Avoid the deep fried chicken beaks at the next table, a curry made of the rest of the chicken has enormous gobules of fat floating on it.

Chinese need the calories, Americans and Australians DON'T, as a result I eat fresh/low fat every day without even thinking about it. I would remove as much of the chicken fat I could as part of the process.

Not so the Chinese or other parts of Asia.

They also rely heavily on processed goods (not so much mainland China but in HK they do) so everything is gluggy, glutinous and half of it's out of a can.

I love Chinese food, just not the CHINESE Chinese food!
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Old 04-13-2014, 04:54 PM
 
Location: Montreal, Quebec
15,087 posts, read 11,524,939 times
Reputation: 9699
Quote:
Originally Posted by George Chong View Post
Sounds like she had ong choy or water spinach Permaculture Plants: Water Spinach or Kangkong | Temperate Climate Permaculture



It is very yummy
Kong Xin Tsai
It IS yummy!
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Old 04-13-2014, 05:10 PM
 
13,010 posts, read 12,451,656 times
Reputation: 37273
I grew up with a lot of Asian friends, so I never really had any illusions about "authentic" Asian cuisines. I've always viewed the food in most American Chinese restaurants as Chinese the way Pizza Hut or Papa John's is considered "kind of" close to pizza in New Jersey. When people rave about "authentic" Chinese food at a particular place, I tend to become very wary because sooner or later it's going to involve an animal or part of an animal I would never consider viable food unless I was starving. I freely admit to being a spoiled American.
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Old 04-13-2014, 05:21 PM
 
104 posts, read 186,713 times
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Chinese food is incredibly varied by region of origin. It is unfair to group it all under a singular umbrella then have a debate about authenticity. I've had some food in China that somewhat resembled dishes I've ordered at Chinese restaurants in the United States, but I agree that the image Americans have of Chinese food isn't at all 'Chinese'. It's more like, you could go to China and pick out 1/1000th of the dishes served there, and bring them back, and that might be able to pass as 'Chinese' food in a US restaurant, but the small sample isn't representational of the larger picture.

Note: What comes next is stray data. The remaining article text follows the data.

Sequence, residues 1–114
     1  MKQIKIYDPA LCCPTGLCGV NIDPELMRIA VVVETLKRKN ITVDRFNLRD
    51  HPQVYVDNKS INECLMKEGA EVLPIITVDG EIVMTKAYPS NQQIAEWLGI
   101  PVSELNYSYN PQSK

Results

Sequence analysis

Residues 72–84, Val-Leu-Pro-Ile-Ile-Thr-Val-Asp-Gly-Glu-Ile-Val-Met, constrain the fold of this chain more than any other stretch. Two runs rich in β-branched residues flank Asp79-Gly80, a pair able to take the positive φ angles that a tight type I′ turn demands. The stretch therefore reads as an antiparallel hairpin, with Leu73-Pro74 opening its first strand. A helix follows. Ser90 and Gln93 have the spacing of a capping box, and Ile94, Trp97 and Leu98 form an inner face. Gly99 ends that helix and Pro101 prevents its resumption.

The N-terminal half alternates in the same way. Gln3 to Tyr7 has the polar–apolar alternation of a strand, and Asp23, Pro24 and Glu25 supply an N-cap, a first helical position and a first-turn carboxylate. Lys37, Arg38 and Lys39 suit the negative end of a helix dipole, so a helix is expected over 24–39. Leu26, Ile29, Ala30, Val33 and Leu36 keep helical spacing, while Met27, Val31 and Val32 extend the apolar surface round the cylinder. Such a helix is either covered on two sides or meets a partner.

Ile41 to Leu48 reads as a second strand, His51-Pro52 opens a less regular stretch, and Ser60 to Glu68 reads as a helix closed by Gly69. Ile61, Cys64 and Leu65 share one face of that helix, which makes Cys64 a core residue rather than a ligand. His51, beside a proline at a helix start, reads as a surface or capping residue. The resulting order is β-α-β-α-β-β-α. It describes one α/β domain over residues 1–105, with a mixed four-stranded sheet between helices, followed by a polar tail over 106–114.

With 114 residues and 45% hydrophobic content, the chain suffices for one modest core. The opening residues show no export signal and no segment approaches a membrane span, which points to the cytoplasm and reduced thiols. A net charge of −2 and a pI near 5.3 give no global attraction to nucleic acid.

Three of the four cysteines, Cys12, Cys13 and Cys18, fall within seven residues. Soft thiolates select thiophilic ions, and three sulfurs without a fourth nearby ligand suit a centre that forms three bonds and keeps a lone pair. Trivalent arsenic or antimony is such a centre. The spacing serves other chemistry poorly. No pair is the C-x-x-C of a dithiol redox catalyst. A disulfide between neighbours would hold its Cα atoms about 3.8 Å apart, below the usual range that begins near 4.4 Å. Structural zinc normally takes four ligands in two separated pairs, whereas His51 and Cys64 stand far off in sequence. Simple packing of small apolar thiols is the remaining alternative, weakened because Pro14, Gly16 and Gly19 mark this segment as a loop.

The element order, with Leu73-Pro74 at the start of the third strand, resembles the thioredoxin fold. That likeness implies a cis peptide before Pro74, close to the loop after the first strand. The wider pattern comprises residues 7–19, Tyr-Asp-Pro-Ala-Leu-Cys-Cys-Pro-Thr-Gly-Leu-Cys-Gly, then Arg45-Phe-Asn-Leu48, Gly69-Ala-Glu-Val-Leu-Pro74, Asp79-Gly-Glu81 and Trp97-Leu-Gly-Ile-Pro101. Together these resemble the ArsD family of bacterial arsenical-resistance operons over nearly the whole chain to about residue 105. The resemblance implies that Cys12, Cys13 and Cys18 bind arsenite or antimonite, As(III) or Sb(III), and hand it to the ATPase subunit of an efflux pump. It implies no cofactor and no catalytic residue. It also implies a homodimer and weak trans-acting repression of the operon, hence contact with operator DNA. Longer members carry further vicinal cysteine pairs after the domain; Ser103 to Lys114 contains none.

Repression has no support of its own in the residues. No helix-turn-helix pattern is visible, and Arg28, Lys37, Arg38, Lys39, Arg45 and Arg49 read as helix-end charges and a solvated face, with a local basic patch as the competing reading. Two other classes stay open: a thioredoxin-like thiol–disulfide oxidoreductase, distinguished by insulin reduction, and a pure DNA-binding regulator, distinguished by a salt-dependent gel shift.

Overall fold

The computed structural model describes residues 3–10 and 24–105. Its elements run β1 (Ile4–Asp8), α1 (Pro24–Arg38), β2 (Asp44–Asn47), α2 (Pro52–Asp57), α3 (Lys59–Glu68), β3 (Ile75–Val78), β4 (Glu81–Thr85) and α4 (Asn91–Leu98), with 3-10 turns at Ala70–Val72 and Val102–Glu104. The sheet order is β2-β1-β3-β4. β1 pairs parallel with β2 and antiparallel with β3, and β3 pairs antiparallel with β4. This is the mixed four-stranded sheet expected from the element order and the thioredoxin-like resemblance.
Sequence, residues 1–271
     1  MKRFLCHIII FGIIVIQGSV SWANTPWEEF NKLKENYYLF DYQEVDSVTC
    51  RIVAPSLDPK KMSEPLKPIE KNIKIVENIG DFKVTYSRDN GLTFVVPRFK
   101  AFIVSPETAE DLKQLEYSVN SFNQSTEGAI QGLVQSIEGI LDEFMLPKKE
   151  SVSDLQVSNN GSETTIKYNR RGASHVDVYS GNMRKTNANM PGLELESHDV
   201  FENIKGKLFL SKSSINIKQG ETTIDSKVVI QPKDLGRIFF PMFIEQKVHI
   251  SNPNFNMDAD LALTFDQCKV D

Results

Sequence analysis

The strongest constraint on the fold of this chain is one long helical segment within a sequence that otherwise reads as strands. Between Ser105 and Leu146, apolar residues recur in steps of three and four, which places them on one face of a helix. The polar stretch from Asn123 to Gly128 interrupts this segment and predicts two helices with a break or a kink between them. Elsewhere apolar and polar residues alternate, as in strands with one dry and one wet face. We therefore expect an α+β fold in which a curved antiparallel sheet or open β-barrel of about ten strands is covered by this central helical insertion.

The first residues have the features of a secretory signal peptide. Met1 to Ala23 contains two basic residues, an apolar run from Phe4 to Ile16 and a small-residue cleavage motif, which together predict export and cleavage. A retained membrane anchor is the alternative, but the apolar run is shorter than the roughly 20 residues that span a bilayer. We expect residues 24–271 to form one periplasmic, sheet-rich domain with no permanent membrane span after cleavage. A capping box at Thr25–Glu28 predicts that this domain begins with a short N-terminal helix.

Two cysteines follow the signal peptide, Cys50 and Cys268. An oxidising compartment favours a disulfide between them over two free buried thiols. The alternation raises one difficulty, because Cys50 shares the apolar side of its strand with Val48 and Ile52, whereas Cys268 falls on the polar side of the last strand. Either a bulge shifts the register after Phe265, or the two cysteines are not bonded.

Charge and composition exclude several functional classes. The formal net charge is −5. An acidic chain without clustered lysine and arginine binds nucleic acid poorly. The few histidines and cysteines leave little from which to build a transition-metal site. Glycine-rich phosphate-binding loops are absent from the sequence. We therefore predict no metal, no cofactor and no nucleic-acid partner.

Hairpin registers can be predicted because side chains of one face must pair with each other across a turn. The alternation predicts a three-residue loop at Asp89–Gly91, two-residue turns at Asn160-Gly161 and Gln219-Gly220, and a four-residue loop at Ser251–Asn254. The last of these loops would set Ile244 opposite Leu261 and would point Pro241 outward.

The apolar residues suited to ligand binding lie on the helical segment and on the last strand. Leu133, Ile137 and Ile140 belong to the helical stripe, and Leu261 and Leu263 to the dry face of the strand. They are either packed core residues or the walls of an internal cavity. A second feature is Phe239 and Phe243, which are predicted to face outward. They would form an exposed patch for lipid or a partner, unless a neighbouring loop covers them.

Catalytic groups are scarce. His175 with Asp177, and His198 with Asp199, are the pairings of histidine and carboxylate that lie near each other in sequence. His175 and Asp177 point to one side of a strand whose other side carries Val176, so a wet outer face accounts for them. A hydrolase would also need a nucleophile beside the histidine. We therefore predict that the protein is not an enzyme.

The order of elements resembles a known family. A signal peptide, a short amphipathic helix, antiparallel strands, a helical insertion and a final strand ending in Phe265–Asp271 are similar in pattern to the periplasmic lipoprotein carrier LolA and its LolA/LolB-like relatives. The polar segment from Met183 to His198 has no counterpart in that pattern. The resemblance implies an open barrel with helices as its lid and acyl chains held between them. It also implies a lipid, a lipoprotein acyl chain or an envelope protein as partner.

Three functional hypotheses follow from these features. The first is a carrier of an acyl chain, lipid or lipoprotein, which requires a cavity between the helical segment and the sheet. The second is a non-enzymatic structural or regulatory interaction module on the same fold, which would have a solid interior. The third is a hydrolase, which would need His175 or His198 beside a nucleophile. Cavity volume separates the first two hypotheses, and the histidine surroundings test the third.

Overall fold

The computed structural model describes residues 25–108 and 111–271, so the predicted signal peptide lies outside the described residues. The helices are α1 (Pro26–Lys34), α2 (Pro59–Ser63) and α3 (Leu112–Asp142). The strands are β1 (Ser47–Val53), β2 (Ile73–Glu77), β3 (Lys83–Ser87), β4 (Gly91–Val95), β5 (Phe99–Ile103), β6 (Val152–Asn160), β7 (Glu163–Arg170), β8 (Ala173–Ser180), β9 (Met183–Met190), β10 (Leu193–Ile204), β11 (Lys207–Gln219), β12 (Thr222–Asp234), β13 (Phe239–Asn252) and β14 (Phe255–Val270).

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Old 04-13-2014, 05:26 PM
 
Location: Middle America
35,819 posts, read 39,375,570 times
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Most countries of any geographic size have regional cuisine. It's like calling something "American Food." Or, worse, the popular foodie moniker, "New American." As if that has some universally understood meaning (outside of, typically, carefully styled with fussy ingredients and with small portions).
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Old 04-13-2014, 05:40 PM
 
Location: Montreal, Quebec
15,087 posts, read 11,524,939 times
Reputation: 9699
Quote:
Sounds like she had ong choy or water spinach Permaculture Plants: Water Spinach or Kangkong | Temperate Climate Permaculture

So, 'choi' means 'leafy green'? As in Bok Choi?
(Love that, too)